"Give it a try it can always be removed."  This is one of the great lines I now reflect upon.  At any rate, I am in it to win it, and there is no turning back at this point.  Time for another Mountain Dew, something I never drank in my life, but a necessity to alleviate the two week spinal headache I am experiencing as caffeine is supposed to help.
     Reality.  This is reality.  This is MS.  The bitch that "stops people from moving, as the MS Society so eloquently describes it.   Anyway time will tell.  It can always be removed!!!!
to be continued....

Tuesday, July 17, 2012

MS Alley-One locked door after another.

     Imagine if you will for a moment finding yourself in a dark alley, a very dark alley, the kind in your favorite thriller movie. You know the one where the guy is followed by a group of thugs, only to find himself in a cold, wet, dark, rat and garbage infested alley.  Along each side of the alley there are doors that he really has no idea as to where they lead, but what is trailing him has the potential to physically clobbar him, mame him, cripple him, potentially kill him.  As his heart pounds out of his chest, he is riddled with anxiety and a host of unfamiliar feelings, knowing the footsteps are getting closer  he tries to jump in the first door.  Its locked and he smacks his face into the cold rusty metal as he bounces like a superball to his knees, all the while feeling the presence of his assailant getting closer.
     He keeps trudging on, as giving up is not even an option.  So he picks himself up, dusts himself off and even though his knees and elbows are scraped from hitting the concrete, damned if he aint trying another door.  This one has a little give.  It opens about an inch before the chain reinforcement abruptly stops the forward motion and again he falls flat on his ass.  This time it is just a little tougher getting back to his feet, but the thought of what can happen if he lays there provokes him back upright.
     On to the next door, it flies open only to lead to another door directly behind it, locked like a vault.  Frustrated and scared, he grunts and groans and curses, lets out a blood curling scream and throws himself at the door, giving it everything he's got.  Nothing.  It just won't open, and yet the alley becomes darker, the footsteps closer, his fatigue intensifies, but he aint giving up. There are still doors he hasn't tried.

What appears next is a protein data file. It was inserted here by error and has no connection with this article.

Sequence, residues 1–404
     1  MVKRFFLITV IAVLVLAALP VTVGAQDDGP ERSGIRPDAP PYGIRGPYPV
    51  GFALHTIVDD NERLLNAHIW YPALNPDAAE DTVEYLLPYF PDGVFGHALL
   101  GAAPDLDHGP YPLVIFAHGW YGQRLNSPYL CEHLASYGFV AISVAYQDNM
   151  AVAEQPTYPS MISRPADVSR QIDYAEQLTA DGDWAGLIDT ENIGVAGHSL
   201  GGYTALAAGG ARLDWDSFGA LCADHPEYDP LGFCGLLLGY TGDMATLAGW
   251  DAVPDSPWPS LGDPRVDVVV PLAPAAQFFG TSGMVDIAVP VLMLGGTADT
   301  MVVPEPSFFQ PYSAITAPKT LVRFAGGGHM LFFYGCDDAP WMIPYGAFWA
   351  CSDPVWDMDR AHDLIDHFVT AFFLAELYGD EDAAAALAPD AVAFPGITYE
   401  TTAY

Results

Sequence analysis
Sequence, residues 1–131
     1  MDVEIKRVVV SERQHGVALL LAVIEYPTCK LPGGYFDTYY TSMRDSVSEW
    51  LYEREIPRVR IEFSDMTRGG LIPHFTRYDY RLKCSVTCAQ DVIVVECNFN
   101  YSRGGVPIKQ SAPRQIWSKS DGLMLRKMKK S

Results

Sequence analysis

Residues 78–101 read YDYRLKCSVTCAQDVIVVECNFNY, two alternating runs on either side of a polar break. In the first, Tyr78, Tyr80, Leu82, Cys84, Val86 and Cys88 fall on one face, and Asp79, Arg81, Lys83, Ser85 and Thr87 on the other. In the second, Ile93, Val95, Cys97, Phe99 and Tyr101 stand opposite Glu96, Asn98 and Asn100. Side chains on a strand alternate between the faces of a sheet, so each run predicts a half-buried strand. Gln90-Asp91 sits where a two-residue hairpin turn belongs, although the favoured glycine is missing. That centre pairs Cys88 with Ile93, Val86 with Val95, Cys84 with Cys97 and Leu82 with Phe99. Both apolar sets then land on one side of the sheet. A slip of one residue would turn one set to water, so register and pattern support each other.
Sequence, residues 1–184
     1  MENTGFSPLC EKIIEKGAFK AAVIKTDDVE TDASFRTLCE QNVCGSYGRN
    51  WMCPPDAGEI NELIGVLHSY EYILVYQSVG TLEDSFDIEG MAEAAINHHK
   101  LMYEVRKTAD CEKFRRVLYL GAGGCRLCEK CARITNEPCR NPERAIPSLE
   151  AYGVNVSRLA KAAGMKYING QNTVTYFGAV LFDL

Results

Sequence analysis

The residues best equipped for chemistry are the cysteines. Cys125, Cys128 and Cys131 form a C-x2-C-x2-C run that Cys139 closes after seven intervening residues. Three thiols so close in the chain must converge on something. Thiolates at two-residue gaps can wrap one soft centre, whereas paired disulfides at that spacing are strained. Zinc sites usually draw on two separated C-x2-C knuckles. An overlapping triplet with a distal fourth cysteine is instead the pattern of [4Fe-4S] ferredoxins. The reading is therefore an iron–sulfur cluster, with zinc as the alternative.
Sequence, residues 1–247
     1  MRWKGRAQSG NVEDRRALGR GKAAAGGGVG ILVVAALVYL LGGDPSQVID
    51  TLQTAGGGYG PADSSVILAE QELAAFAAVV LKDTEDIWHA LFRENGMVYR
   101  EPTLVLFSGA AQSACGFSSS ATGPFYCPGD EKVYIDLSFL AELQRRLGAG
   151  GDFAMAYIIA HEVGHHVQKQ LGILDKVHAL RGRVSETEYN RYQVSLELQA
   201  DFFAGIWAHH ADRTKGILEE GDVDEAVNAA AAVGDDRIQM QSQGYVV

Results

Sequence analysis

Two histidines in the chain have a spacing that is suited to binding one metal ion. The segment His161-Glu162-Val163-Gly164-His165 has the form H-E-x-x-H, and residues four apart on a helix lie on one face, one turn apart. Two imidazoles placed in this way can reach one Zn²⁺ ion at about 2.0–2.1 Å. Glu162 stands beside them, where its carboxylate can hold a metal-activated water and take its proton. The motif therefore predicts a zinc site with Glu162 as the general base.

All the while he is frantically checking these crusty, worn, rusty beaten up doors, life around him keeps moving.  He can hear the cars on the streets, horns blazing, glass breaking, but he doesn't have time to waste so he barely gives them a look.  He is fighting for his life, and relenting is not an option, so he fights to get in the next door, which happily offers him enough comfort to squeeze his body into, to catch his breath, before he realizes it goes nowhere and ends up on his back, wetter, colder, weaker, and older, more alone, but he can still hear all that noise in the world going around him, all of which he wants to be part of, yet those footsteps, the bad guys, still echo in his head.  He can't stop, and so he keeps going.
     By now he is naturally getting discouraged,  It doesn't appear that any of these doors are going to lead to anything that will allow him shelter from this horrific melee, but damn it he keeps going, even though he has missed out on the normal steady stream of what is happening around him.  He cannot think about anything but the assault that is weakening him, scaring him, emotionally and physically crippling him.  He knows he is running out of options and he feels he is trying his best, but luck just isn't on his side.  The alley gets even darker, the thugs are on his heels. and he finds himself powerless, running out of fight, running out of strength, wearing thin down to the core.  He gathers himself, he is weaker, he may have failed so far but something tells him that it just has to be that next door that he will find his solstice.
     This my friends is MS Alley. It's door after door and no matter how hard one tries to slam his shoulder into it, he finds himself more bruised up than when he rammed it.  It doesn't hardly seem fair, and it isn't, but it is reality.  Once in a while one catches a temporary break, takes a breath, recoups, and tries another door, but the bad guy is so ugly and so evil, he overpowers the good guy and leaves him wet, cold, exhausted, anxious, hurting, and torn up more than the last door.  For me MS has had an ugly pattern from bad to worse basically, and it seems that no matter what door opens, or doesn't,  it ends up hitting me in the ass, or the face, not that this story is consistent with all pwms, but it has been mine, and it appears the doors are painstakingly in shortage.
     I haven't tried every door, but I have exhausted a few alleys, and if just one of these darn doors would open long enough to let me hang for a while I would be eternally grateful.  I just want to live among the cars, the horns, the people laughing.  I really don't want much.  Just a few of life's simple pleasures...I guess that's life...mine anyway....